4. The method of claim 2, wherein the filtering of at least one image is recursive.
5. The method of claim 2, wherein the amount of filtering of the first image and of the second image is adjustable.
6. The method of claim 1, wherein the scaling of the first image and of the second image is adjustable.
7. The method of claim 1, wherein the processed first image and the processed second image are scaled to a common resolution between 91 and 100 pels per inch.
8. The method of claim 1, wherein the processed first image and the processed second image are scaled to a common resolution between 75 and 90 pels per inch.
9. The method of claim 1, wherein the first image and the second image are of negotiable instruments, including check images.
CROSS-REFERENCE TO RELATED APPLICATIONS
 This application is a continuation of U.S. patent application Ser. No. 13/734,202, filed Jan. 4, 2013, which is hereby incorporated by reference in its entirety.
FIELD OF THE INVENTION
 Embodiments of the invention generally relate to digital image detection, and more particularly, to digital image detection and comparison.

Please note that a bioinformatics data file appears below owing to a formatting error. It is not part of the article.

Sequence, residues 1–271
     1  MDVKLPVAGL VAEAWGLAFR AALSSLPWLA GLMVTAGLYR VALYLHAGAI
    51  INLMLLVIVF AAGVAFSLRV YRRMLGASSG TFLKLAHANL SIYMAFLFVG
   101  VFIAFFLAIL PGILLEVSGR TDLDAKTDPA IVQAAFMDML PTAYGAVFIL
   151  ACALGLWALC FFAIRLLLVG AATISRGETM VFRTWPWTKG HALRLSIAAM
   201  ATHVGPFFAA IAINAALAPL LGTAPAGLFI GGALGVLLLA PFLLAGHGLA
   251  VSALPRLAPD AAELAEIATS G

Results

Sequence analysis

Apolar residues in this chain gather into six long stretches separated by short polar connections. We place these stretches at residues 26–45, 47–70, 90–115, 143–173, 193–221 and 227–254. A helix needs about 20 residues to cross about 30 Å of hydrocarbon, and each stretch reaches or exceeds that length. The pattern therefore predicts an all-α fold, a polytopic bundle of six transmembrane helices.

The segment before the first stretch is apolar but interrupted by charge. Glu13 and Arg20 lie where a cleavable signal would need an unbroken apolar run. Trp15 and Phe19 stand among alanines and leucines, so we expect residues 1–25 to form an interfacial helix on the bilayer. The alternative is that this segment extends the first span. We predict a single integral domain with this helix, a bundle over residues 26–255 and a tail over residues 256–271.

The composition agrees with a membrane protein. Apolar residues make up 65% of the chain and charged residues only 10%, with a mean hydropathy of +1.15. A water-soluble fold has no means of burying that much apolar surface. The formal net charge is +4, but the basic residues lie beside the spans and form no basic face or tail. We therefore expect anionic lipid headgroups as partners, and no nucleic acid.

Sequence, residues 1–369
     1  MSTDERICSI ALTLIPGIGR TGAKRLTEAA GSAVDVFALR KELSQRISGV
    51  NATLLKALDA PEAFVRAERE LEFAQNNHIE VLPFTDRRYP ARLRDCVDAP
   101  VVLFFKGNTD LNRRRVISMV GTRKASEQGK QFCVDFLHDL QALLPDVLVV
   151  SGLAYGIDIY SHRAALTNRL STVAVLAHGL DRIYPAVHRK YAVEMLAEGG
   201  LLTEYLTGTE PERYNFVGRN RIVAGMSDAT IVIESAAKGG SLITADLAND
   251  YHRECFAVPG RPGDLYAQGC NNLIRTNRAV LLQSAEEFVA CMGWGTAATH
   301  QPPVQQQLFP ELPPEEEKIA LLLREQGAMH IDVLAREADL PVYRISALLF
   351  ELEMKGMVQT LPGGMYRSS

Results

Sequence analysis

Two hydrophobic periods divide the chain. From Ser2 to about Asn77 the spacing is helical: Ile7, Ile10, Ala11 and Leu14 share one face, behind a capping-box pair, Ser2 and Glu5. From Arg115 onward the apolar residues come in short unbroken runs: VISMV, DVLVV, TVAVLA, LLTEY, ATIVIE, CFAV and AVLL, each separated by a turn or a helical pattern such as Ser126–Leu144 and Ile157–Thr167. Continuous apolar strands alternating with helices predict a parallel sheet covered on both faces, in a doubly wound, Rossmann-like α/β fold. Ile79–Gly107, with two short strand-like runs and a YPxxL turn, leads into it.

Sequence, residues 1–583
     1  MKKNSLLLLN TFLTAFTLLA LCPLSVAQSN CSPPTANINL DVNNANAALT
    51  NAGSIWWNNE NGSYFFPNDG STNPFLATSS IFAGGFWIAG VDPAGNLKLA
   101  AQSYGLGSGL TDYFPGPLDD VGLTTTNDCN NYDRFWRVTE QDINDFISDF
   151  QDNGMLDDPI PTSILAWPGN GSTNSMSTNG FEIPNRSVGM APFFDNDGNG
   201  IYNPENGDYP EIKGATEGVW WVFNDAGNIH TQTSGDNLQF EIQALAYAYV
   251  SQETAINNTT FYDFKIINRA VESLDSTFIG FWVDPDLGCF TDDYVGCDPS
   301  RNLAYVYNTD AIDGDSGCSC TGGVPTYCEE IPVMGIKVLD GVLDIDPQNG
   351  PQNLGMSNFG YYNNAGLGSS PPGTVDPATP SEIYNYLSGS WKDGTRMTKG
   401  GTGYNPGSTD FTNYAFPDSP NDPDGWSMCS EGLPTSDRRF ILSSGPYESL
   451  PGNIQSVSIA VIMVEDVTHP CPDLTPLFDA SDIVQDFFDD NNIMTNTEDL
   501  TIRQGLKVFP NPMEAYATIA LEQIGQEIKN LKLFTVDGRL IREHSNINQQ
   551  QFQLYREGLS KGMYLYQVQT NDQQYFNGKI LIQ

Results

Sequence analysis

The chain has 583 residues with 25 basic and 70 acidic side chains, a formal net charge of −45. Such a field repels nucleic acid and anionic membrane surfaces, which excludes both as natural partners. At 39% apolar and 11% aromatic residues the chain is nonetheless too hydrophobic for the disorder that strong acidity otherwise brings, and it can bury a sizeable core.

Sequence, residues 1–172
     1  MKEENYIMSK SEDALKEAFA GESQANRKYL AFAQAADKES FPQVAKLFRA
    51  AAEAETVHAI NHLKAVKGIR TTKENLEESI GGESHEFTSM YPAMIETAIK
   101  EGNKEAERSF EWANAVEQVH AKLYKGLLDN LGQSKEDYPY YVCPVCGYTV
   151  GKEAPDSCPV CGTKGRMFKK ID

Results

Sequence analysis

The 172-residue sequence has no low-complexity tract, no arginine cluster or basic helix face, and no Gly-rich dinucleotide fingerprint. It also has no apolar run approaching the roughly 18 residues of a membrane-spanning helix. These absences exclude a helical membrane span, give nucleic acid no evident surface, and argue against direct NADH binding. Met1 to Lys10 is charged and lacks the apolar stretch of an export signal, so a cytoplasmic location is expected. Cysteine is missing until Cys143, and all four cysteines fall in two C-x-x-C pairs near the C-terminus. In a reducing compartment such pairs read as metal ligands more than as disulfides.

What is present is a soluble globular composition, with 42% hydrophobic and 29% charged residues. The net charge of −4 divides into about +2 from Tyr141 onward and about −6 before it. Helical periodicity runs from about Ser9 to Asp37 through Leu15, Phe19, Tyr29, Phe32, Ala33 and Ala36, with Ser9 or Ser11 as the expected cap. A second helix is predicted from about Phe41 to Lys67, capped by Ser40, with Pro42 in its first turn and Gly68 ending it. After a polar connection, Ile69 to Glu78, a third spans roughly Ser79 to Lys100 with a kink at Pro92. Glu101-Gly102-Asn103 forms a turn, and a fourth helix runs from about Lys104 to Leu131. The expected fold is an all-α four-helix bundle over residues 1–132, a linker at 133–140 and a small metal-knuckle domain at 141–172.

Enactment of the Check Clearing for the 21st Century Act ("Check 21") has enabled banks to deploy various digital schemes to process check deposits, including distributed image capture, image exchange, Remote Deposit Capture ("RDC"), and check transaction conversion to other payment types such as Automated Clearing House ("ACH") transfers. In the RDC approach, for example, a banking customer captures an image of each side of a check and transmits them, along with other information typically stored as metadata, to the customer's bank. RDC can be implemented on various technology platforms. Today, it is widely used on smart phones using mobile applications offered by many banks operating in the United States.
 In another implementation, a customer inserts a check into a receiving slot at an ATM, wherein the ATM's scanner captures the check as an image, and may further analyze the image using intelligent recognition technology, such as optical character recognition software ("OCR"). The OCR software allows the ATM to ascertain the values of some fields appearing on the check, for example, by recognizing characters and values in the check's E-13B code line, and to store the recognized values as metadata associated with the transaction.